On a mountain bike, you can cover 50 miles of backcountry singletrack in a day and still make it home for dinner. With the ability to cover so much ground, we often underestimate the need for simple gear on these epic rides. Below is a list of affordable and compact items that you’ll need to have for that next long day mountain biking through the backcountry.
1. Water Filter
Why choose a filter? Not all purification is the same. For instance, iodine does not kill cryptosporidium, a very common parasite in most water sources (even high altitude ones). Chlorine dioxide tablets do, but they take 4 hours, which is not conducive to a day ride.
I’m not referring to an expensive, clunky pump. There are several compact filters that work great at the fraction of the cost. The MSR TrailShot ($50) is designed for trail runners and mountain bikers alike — those who are moving light and fast. Squeezing the TrailShot pulls water through the pre-filter at the end of the hose and into the filter, then pushes it out the nozzle. You can use this with any bottle, or even drink straight from a water source.
The Sawyer Squeeze and Sawyer Mini are two other small, compact filters. They work the same, relying on a small pouch full of water to be squeezed, pushing the water through the filter. The Sawyer Squeeze ($50) allows for a higher flow rate than the Mini, but it’s larger. The Sawyer Mini ($20) is inexpensive and compact, performs just as well, but needs to be backflushed more often.
Note: Filters don’t remove viruses. If you know you’re in an area with very contaminated water, you may want to bring an additional way to purify water, such as an iodine tablet that you’d add to the filtered water.
2. Emergency Bivvy or Blanket
I’ve relied on an emergency blanket or bivvy far too many times to not recommend them. They’re light, cheap, and will keep you warm… ish. They’re not meant to keep you comfortable. But they will protect you from the elements.
The reflective coating on the underside works by trapping reflecting back the heat your body is putting out. Many are colored “safety orange” to stand out among the trees. They pack down small and weigh as little as 2.9 ounces. I’ve had the best experiences (or worst, depending on how you look at it) with the Emergency Blanket ($5) and Emergency Bivvy ($15) from SOL.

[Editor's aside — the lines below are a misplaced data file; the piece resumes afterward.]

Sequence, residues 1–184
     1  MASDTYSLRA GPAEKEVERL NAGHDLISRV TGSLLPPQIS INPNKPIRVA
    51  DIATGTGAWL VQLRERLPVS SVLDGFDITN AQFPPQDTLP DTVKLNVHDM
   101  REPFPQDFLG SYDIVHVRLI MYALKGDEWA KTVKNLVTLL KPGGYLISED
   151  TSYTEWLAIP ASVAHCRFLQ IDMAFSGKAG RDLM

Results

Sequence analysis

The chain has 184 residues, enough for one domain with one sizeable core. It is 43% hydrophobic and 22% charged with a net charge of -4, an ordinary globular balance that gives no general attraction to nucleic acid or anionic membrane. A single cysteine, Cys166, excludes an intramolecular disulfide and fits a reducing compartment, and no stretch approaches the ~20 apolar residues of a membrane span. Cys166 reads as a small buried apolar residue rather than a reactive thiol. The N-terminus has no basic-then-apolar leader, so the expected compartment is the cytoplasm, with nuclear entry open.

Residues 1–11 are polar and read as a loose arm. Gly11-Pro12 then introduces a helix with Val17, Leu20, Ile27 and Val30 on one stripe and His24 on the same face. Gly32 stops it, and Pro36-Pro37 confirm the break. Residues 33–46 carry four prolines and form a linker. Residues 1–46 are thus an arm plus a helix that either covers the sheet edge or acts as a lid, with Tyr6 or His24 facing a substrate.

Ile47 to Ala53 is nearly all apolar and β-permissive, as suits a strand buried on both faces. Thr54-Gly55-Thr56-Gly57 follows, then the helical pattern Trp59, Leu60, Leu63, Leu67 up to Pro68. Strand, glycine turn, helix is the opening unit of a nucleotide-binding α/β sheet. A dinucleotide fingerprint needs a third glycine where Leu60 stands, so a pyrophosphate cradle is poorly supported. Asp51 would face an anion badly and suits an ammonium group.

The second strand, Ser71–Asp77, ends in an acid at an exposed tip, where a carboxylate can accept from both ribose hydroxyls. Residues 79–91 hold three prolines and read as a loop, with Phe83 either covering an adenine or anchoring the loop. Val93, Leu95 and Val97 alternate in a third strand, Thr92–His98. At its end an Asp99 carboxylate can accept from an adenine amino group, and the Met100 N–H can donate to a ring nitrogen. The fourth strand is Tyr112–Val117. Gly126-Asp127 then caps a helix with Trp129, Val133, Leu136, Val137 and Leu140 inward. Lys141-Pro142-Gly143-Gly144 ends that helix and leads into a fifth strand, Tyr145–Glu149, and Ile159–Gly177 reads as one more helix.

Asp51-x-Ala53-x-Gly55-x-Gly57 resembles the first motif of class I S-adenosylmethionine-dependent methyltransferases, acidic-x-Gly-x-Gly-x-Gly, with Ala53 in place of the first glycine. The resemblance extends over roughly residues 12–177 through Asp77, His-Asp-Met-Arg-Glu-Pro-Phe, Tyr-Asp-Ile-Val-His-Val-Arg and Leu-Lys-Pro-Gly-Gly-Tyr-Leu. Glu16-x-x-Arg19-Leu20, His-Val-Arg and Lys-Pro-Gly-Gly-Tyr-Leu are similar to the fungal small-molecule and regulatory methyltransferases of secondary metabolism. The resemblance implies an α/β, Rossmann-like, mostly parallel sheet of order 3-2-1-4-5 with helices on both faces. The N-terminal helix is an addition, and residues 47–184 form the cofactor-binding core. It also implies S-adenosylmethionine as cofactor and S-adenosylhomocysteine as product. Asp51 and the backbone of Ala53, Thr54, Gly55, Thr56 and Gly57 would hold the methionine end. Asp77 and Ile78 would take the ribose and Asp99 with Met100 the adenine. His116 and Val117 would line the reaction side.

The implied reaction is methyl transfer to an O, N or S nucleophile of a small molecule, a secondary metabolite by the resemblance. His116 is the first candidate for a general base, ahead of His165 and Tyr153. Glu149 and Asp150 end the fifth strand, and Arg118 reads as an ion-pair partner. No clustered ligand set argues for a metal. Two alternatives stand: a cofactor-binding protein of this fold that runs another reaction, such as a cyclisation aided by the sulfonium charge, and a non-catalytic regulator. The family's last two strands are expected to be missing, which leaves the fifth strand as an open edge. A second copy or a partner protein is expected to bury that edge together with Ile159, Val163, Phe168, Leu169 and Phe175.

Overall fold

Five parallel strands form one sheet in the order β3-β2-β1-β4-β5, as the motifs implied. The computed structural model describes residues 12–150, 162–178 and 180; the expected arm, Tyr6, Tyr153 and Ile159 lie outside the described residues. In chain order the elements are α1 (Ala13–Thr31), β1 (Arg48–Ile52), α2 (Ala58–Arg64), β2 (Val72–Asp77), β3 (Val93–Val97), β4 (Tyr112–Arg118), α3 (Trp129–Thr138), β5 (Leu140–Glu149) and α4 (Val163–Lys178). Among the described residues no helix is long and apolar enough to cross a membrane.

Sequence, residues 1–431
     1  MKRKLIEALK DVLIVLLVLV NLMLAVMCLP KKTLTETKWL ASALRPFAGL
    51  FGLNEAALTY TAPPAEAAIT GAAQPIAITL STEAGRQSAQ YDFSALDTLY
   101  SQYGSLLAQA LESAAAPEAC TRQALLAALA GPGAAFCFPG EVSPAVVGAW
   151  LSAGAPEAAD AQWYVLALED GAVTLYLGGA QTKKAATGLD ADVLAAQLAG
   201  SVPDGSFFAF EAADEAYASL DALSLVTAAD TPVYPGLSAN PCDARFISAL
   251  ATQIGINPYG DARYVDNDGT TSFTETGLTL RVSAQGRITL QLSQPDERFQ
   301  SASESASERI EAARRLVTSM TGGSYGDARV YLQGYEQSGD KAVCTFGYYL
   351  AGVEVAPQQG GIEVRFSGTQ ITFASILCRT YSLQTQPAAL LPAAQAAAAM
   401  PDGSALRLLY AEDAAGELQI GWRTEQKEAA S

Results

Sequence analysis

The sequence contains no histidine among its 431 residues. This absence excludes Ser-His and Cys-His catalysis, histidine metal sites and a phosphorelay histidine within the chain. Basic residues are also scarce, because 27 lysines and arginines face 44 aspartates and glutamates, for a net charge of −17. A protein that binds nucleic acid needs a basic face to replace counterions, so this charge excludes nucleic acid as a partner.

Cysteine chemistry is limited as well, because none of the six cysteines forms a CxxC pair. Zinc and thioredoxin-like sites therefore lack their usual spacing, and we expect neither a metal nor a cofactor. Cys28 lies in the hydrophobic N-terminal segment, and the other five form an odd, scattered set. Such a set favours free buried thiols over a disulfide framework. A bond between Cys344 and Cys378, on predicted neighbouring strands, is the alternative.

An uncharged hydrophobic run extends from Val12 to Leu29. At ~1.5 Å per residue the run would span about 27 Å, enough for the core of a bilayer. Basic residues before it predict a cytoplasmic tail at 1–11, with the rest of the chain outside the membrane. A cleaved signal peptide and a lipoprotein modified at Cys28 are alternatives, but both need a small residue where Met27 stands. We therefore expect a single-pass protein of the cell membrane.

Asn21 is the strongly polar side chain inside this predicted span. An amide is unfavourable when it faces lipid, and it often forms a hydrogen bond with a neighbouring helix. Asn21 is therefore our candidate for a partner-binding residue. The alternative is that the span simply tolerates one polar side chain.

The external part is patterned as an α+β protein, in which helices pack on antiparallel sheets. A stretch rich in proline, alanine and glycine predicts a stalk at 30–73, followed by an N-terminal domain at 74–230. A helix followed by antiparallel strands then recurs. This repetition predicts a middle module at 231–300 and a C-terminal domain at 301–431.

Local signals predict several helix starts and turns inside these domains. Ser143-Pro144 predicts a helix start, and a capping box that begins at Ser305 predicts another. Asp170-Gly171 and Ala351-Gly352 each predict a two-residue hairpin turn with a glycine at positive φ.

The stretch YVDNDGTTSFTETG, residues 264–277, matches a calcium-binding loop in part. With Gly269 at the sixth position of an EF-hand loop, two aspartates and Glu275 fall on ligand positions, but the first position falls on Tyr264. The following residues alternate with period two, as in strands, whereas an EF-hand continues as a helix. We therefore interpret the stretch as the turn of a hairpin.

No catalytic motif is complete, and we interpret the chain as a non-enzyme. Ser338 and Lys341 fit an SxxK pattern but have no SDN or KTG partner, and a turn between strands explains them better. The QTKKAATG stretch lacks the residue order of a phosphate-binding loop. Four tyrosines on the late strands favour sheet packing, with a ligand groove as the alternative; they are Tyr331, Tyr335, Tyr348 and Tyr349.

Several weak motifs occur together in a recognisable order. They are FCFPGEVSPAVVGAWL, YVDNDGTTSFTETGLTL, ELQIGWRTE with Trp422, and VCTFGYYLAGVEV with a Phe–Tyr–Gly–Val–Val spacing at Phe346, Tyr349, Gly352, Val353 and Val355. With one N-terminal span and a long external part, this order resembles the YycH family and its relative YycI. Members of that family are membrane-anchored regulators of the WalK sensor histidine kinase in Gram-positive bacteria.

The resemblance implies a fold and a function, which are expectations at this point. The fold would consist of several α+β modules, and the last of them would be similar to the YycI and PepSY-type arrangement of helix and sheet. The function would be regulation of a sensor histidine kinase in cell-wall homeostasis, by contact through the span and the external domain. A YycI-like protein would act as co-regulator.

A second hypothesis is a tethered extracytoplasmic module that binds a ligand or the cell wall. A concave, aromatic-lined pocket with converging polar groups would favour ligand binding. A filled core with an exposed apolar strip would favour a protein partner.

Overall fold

3. A Dialed First Aid Kit
It can be easy to become lax and think you won’t get injured riding, but the fact is that mountain biking is a dangerous sport. What makes it even more dangerous is where we ride. We often aren’t surrounded by people or in an area with easily accessible help. We have to rely on ourselves to get out of a challenging situation. Having a first aid kit that covers the bases without taking up too much space is essential.
We have a great article that covers all the items that should be in a mountain biking emergency kit, here. I have found the Adventure Medical Kit for 1-2 people adequate. This kit often comes with far more than what I’ll use, so I remove extra Band-Aids (athletic tape and gauze are often more effective) and things like anti-itch cream. An item you might consider tossing into your kit during cooler temperatures is a hand warmer. Adding a small X-Acto knife blade isn’t a bad idea, either.
4. Tape, Tape, Tape (and some zip ties too)
Tape is likely the most versatile item you can pack. Bring multiple types of tape and bring enough. Tape often requires ingenuity and creativity to use, but you’ll be surprised by the number of applications for it.
Athletic tape can be used in a first aid kit as well as mending a tear in a tire sidewall or bead (been there, done that).
Gorilla tape needs no introductory. It’s durable and a must.
Electrical tape is more elastic than the other two mentioned. I’ve used it in combination with Gorilla tape to patch a tube when no tire patch kit was present — it held into the next day.
Tyvek tape is waterproof. It’s great for mending dry bags, tarps, and more. It’s easy to tear, but once applied it’s not going anywhere.